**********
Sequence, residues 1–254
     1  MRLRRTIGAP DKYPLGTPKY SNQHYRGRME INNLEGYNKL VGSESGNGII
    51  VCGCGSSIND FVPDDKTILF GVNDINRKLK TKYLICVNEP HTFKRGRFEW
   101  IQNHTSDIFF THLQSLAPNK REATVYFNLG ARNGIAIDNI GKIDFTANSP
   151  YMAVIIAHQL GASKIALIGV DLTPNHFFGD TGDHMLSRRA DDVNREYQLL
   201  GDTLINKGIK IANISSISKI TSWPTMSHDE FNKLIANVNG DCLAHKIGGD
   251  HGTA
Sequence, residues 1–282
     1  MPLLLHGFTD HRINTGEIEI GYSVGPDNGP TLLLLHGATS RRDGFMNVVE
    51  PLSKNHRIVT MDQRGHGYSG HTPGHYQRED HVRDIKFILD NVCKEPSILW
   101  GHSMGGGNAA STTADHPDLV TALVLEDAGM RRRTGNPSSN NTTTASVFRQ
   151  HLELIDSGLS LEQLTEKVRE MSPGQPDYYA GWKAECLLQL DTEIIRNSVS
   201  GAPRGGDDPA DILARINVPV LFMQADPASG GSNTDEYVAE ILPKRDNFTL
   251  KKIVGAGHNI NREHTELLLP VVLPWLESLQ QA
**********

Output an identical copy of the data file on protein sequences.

Sequence, residues 1–254
     1  MRLRRTIGAP DKYPLGTPKY SNQHYRGRME INNLEGYNKL VGSESGNGII
    51  VCGCGSSIND FVPDDKTILF GVNDINRKLK TKYLICVNEP HTFKRGRFEW
   101  IQNHTSDIFF THLQSLAPNK REATVYFNLG ARNGIAIDNI GKIDFTANSP
   151  YMAVIIAHQL GASKIALIGV DLTPNHFFGD TGDHMLSRRA DDVNREYQLL
   201  GDTLINKGIK IANISSISKI TSWPTMSHDE FNKLIANVNG DCLAHKIGGD
   251  HGTA
Sequence, residues 1–282
     1  MPLLLHGFTD HRINTGEIEI GYSVGPDNGP TLLLLHGATS RRDGFMNVVE
    51  PLSKNHRIVT MDQRGHGYSG HTPGHYQRED HVRDIKFILD NVCKEPSILW
   101  GHSMGGGNAA STTADHPDLV TALVLEDAGM RRRTGNPSSN NTTTASVFRQ
   151  HLELIDSGLS LEQLTEKVRE MSPGQPDYYA GWKAECLLQL DTEIIRNSVS
   201  GAPRGGDDPA DILARINVPV LFMQADPASG GSNTDEYVAE ILPKRDNFTL
   251  KKIVGAGHNI NREHTELLLP VVLPWLESLQ QA